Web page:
What Being A Fat Sex Worker Taught Me About Men And Desire

The truth ― in the quiet of my bedroom when I’m sitting with a client ― is that men really do desire all kinds of bodies.
Luis Alvarez via Getty Images

Many times, when I tell women I used to do sex work, they look me up and down and say, “Really?” I probably get this reaction because I’m 5 feet 3 inches tall and weigh 230 pounds, and I don’t fit their preconception of what a sex worker looks like.

There are a lot of preconceived notions about sex workers held by the general public, and one of the strongest among them in my experience is the belief that sex workers all look like Julia Roberts in Pretty Woman and that men only desire a sex worker who is skinny.

I’m here to tell you that’s all false.

I don’t by any means have a perfect physique and am what my doctor calls “obese.” I have a big, round tummy covered in pink stretch marks, saggy boobs, areolas that my first boyfriend said looked “like pepperonis” and a moustache that requires regular waxing. I’m human and imperfect, and I worked as a successful escort for more than a decade.

I started as a full-time escort on the now-defunct Backpage.com. I did not advertise myself as a “BBW” escort ― just merely an escort, like any other girls on Backpage. I never had any problem attracting business.

Last year, I went to a strip club to audition to be a dancer. The manager clearly found it amusing that someone like me was trying to get a job as a dancer, and he told me that I was “too big.” Given what I know from experience, that a lot of men prefer women my size, why wouldn’t a club want to have as much diversity as possible to appeal to as many clients as possible? To me, that’s just good business sense.

But the heteronormativity of strip clubs is one example of the way men police other men’s desire. The club is like a fishbowl for “acceptable” desire, where most of the performers are thin women without visible imperfections and god forbid they hire more than one woman of colour per club. Strip clubs in and of themselves are only a microcosm of the world at large, reflecting the values of the larger heteronormative white supremacist patriarchal American culture that exists and proliferates far beyond the club.

What I learned from my many years as an escort is that men spend a lot of time posturing for other men around desirability. In private, it’s often a very different story, as men feel like they can express their desire freely.

Anyone can be a sex worker. There are no beauty prerequisites. Are there shitty beauty standards based on white supremacist patriarchal culture? Yes, indeed. But sex workers who don’t fit into a narrow box can and do make very good livings all the time. There’s a market for every body type, although it’s true that not every market is equal.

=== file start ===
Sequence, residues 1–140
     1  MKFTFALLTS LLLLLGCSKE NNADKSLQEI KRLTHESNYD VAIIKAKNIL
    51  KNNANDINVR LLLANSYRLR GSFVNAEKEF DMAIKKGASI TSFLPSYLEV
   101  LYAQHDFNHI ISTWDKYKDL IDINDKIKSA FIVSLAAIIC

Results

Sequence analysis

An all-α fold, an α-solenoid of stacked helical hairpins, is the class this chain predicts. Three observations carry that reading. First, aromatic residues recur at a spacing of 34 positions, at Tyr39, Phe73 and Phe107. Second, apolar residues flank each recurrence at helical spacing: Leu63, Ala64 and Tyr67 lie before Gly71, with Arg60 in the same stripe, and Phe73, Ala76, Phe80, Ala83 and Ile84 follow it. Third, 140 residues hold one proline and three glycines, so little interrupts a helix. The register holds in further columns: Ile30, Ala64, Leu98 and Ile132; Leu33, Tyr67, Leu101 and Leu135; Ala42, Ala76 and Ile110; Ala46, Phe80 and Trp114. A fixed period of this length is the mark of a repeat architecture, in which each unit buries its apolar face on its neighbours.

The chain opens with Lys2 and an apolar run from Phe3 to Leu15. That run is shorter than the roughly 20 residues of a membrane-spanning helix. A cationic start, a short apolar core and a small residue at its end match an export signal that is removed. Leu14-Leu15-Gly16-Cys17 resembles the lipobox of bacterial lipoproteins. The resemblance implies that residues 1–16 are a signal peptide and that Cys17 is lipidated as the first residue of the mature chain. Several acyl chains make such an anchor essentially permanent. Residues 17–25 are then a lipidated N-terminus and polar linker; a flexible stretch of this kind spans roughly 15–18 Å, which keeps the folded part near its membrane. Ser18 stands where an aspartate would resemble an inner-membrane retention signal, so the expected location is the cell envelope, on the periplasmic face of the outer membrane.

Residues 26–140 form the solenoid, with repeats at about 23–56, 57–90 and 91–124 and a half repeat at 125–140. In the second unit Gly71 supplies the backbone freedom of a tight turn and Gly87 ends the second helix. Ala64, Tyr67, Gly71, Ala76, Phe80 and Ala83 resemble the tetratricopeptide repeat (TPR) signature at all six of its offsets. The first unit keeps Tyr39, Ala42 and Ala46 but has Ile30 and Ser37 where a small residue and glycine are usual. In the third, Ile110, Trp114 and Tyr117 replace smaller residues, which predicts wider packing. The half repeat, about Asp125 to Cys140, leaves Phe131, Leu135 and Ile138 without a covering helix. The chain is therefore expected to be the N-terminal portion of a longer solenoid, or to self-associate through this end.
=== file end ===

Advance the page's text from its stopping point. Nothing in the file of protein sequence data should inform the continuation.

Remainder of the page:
When I was volunteering for a sex workers union in Kolkata, India, I met a woman in her 80s in the red light district there who was still working as a sex worker and had many regulars. Is it easier if you’re 25? Probably. But that absolutely does not mean that whether you’re 25 or 85 that there aren’t men who want to be with you. The difference is that men (as a unit) don’t want you to know that men (as individuals) don’t necessarily want a Playboy playmate.

That said, it has to be addressed that racist, colonialist and transphobic beauty standards are an absolute reality and all too often dictate men’s sexual preferences (especially cisgender white men) in ways that truly negatively affect the most marginalised. The woman of colour with the deeper toned complexion gets passed over at the brothel, or the transgender girl who doesn’t quite “pass” doesn’t get as many website inquiries as the girl who does. While everyone can be desired, it has to be said that many women — women of colour, trans women and especially trans women of colour — have added barriers and hurdles that more privileged women — white and cisgender — do not have to navigate.

White workers and cisgender workers and especially white cisgender workers have an infinitely easier time marketing themselves precisely because these identities are centred, while identities that do not fit this are deemed “other” and face more barriers to earning a steady income.

But the truth ― in the quiet of my bedroom when I’m sitting with a client ― is that men really do desire all kinds of bodies.

In this way, especially as someone who is a survivor of abuse by many, many different men and has very valid reasons not to trust men, learning this has made me feel free to meet men not with hate and mistrust but with the knowledge that men do not always have to be the enemy. That maybe as much as patriarchy has hurt me, maybe it hurts men in some ways, too.

Maybe I was wasting far too much energy on hiding my belly or making the guy turn off the lights during sex or going to the bathroom 10 times during a date to make sure my makeup still looks immaculate. Society lied to me. There are men who desire more than just the Pam Andersons of the world.

And the real secret ― that I think men really want us women to know, when they don’t have other men watching them ― is that letting oneself be seen as flawed and human is completely and utterly desirable. And letting myself be unapologetically seen and desired is one of the greatest gifts sex work has given me.

This article first appeared on HuffPost Personal

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